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Re: [dvd-discuss] clean flicks and moral rights
- To: dvd-discuss(at)cyber.law.harvard.edu
- Subject: Re: [dvd-discuss] clean flicks and moral rights
- From: Jeremy Erwin <jerwin(at)ponymail.com>
- Date: Fri, 31 Jan 2003 15:05:19 -0500
- In-reply-to: <255195E927D0B74AB08F4DCB07181B901E5588@exchsj1.onetouch.com>
- Reply-to: dvd-discuss(at)cyber.law.harvard.edu
- Sender: owner-dvd-discuss(at)cyber.law.harvard.edu
On Friday, January 31, 2003, at 12:18 PM, Richard Hartman wrote:
> Interesting. The summary says outright that the courts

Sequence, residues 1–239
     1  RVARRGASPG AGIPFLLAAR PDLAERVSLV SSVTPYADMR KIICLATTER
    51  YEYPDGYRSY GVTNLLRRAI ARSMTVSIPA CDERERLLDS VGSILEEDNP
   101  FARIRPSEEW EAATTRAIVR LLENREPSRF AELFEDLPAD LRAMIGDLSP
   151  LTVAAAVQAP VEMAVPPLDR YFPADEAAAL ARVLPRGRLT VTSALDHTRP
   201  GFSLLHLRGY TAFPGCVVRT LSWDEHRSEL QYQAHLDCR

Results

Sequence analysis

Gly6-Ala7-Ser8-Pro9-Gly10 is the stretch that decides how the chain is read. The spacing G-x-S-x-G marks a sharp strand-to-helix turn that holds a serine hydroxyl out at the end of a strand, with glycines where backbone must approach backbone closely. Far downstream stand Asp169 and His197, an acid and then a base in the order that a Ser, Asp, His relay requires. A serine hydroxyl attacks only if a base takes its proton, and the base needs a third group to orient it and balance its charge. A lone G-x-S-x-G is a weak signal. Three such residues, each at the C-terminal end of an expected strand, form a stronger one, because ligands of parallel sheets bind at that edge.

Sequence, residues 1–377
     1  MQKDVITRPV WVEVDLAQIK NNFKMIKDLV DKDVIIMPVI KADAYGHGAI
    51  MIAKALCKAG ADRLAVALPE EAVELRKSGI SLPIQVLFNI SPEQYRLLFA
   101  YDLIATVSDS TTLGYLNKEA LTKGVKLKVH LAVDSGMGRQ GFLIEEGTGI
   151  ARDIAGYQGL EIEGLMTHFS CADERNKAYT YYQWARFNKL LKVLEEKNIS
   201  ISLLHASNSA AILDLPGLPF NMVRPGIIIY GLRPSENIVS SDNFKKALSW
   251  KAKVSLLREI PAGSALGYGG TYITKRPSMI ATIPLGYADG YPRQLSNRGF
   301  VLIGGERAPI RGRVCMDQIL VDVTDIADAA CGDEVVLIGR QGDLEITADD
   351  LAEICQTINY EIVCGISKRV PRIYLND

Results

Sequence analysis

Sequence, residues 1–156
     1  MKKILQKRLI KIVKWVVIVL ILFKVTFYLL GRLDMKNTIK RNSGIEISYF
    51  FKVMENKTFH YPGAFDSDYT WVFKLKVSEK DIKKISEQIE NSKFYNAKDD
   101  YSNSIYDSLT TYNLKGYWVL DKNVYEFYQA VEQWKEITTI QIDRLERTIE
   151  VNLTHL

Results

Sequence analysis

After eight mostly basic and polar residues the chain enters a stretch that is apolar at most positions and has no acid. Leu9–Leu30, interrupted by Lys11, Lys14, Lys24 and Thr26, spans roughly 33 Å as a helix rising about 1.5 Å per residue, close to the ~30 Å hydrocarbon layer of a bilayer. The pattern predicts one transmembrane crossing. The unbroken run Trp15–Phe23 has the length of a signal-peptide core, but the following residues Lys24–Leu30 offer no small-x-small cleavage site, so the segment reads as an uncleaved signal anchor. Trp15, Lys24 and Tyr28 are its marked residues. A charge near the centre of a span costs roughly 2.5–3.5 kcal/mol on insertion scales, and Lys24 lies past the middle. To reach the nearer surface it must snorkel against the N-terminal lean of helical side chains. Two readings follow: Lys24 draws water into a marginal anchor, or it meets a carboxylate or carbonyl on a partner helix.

> do not recognize "moral rights" per se but should nonetheless
> attempt to accomodate them if they can find justification
> to do so in the actual legalities (in this case, the _legal_
> violation was a breach of contract).
Hmm. This case speaks of prior injunctions. Does anyone know what
happened to the case after this decision?
This opinion, BTW, resurfaced some years back in one of Microsoft's
briefs attacking the proposed rights of OEMs to alter the Windows
This article http://www.rbs2.com/moral.htm contains a number of post
Gilliam decisions (and ones outside the second circuit) that disparage
Citations (and hyperlinks) welcome.